This is part two in an ongoing Societies Act series. If you’d like email updates, sign up for our monthly Resource Mailer or Quarterly Communiqué.
If you are a board member or staff person of a non profit in BC, an important question you should be asking is: what do I need to do in order to make my society’s transition to the new Societies Act as seamless as possible?
You probably already know that if you’re a non profit registered in BC, you’ll need to transition to the new legislation between November 28 2016 and November 28 2018. But what does this mean you should be doing now? Here are a couple of pointers. We’ll be releasing more posts in this series, so stay tuned for additional information or give us a shout any time to talk about your society’s situation and how we can help with the transition.
What does ‘transitioning’ entail?
At a minimum, and if there are no issues with your current constitution and bylaws, transitioning to the new Societies Act will mean:
- Ensuring your constitution complies with the new Act (it must include only purposes) and filing an electronic version as part of the Transition Application;
- Consolidating and, as necessary, updating bylaws and filing them electronically with the Transition Application;
- Confirming that directors and registered office information are up to date with the Registry;
- Ensuring your society’s annual reports are fully up to date.
There may be other steps to transitioning if your society would like to adopt the new Model Bylaws, make amendments or additions to those bylaws or to current bylaws, or if inconsistencies arise in the existing constitution or bylaws and/or in charitable registration documents. When and how your society should go about amending bylaws and holding necessary meetings for that purpose will depend on your circumstances; planning this out in advance to ensure you’ve got enough time to draft bylaws and to hold special general meetings, if necessary, is important. Once your updated constitution and bylaws are in place, we would also encourage your society to have a look at its internal governance and operational policies and ensure they line up with the new law and your bylaws and intended practices.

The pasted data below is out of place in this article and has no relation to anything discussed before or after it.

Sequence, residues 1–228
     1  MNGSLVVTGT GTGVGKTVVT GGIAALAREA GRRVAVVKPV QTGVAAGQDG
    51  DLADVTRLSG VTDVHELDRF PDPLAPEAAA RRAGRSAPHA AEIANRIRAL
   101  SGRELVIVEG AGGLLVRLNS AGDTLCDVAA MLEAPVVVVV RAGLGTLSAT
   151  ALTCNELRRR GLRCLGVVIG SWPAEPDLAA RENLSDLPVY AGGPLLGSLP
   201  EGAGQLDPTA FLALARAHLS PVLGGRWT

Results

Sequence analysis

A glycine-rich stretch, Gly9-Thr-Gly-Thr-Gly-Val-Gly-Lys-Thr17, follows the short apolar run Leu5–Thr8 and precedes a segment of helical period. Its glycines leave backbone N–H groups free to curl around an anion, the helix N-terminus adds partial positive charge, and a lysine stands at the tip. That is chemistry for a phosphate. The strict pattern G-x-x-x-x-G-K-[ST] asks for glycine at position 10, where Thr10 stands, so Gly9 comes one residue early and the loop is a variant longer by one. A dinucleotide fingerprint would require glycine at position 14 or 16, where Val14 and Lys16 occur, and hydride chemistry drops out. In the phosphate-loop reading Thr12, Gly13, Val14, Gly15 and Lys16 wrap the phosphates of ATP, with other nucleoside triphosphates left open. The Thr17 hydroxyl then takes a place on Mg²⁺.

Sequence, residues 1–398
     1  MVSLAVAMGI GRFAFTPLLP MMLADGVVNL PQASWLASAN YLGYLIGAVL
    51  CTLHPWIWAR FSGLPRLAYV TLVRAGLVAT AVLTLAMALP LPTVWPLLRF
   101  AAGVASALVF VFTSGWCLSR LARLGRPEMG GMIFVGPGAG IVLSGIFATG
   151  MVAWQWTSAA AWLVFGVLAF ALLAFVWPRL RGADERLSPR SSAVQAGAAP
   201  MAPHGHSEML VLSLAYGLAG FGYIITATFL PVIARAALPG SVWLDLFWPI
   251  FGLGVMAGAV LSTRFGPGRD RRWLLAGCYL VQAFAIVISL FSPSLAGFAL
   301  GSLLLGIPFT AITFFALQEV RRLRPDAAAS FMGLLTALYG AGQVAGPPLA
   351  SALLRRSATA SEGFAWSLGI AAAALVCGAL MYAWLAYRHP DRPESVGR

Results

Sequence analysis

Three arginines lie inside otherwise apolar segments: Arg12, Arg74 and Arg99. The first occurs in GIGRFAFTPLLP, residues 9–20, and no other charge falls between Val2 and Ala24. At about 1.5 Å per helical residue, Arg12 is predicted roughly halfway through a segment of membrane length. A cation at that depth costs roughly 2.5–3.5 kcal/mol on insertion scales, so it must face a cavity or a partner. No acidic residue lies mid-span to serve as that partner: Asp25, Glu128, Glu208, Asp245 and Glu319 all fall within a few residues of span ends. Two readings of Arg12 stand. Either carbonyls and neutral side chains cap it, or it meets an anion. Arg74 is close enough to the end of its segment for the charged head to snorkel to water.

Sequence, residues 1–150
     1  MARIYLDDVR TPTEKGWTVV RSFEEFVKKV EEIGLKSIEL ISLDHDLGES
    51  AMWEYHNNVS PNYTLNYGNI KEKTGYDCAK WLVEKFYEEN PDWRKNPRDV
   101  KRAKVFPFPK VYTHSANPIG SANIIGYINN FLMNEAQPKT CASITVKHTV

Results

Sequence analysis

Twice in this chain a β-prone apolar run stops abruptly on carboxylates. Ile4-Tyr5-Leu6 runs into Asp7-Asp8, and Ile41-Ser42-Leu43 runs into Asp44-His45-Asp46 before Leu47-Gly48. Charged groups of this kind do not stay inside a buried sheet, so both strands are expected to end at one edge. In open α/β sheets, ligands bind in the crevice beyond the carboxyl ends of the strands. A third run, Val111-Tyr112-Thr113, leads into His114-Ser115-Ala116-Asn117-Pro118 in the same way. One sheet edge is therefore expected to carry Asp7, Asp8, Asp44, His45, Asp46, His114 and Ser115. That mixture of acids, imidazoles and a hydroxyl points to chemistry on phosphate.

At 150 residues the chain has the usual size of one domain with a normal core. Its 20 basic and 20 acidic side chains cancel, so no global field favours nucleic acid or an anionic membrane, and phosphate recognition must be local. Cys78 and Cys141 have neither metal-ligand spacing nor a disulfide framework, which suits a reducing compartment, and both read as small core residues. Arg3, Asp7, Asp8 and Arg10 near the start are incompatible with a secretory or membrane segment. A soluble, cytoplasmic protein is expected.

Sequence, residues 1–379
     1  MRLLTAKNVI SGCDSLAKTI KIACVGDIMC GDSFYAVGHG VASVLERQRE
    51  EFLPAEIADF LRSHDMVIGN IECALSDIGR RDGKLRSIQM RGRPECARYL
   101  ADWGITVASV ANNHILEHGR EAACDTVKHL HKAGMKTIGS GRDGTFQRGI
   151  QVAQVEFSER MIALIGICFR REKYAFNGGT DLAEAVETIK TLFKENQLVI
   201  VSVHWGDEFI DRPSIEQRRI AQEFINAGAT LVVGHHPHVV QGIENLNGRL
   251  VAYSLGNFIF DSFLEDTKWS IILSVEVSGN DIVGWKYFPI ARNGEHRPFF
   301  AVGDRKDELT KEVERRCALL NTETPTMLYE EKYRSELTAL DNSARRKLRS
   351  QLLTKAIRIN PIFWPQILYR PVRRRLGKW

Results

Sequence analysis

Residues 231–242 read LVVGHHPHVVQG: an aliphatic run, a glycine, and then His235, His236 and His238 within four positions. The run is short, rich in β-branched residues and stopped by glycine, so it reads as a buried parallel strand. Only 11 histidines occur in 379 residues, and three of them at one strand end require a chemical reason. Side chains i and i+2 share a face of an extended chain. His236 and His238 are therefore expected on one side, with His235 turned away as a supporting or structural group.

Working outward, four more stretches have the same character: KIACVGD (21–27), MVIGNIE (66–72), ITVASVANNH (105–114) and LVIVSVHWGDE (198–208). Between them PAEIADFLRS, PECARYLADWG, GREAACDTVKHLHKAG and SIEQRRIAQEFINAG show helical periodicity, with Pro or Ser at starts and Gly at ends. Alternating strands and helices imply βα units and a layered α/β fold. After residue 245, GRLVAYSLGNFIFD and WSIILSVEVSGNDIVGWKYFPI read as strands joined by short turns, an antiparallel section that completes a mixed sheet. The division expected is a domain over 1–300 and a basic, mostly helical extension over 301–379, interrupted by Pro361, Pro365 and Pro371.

Also note that certain new requirements will come into force as of November 28 2016 as well, including around setting out remuneration that is above $75,000, detailing financial assistance on financial statements, and disclosing all material conflicts of interests of directors and senior managers. For more on this, see the Registry’s Transition Guide or contact us for assistance.
What should we be doing now?
The two most important things you can do now are:
1. As of August 29, 2016 you may order a transition package from the Corporate Registry. It will cost $40 and will include a certified copy of your society’s bylaws and constitution as filed with the Registry. This will consist of the original filings and any filed special resolutions amending them. This is a good thing to have because it will double confirm what the Registrar has on file and give you the basics to work with in preparing your transition materials (updated constitution and bylaws, or new/amended bylaws if you choose to go that route). You do not have to do this, but if you have any uncertainty about your current bylaws or constitution, it’s a way to confirm what’s on file.
2. Strike an ad hoc committee of staff and directors to meet and plan out the steps and timelines in your society’s transition process; assign key people to be responsible for different steps and authorize a person to communicate with a lawyer if/as necessary; decide if and when you’ll be amending bylaws or if you’ll transition without any updates.
Where should we look for assistance?
First and foremost, check out the resources that the Corporate Registry has developed and posted. The Transition Guide in particular is a great document to base your planning off of.
Sharp Six can provide detailed guidance and legal advice tailored to your organization. Rachel Forbes, Principal of Sharp Six is a practicing lawyer who can provide this support. Contact us for questions or more information.
Law for Non Profits can help by offering resources, providing free workshops and resources and may be able to help your organization find a lawyer should you need specialized expert advice.
Your existing lawyer and/or board members with relevant legal experience will also be a valuable asset in this process.
This is general information, it is not legal advice and it is not meant to be tailored to your organization. Please inquire with our lawyer, Rachel Forbes, directly if you have specific questions about this.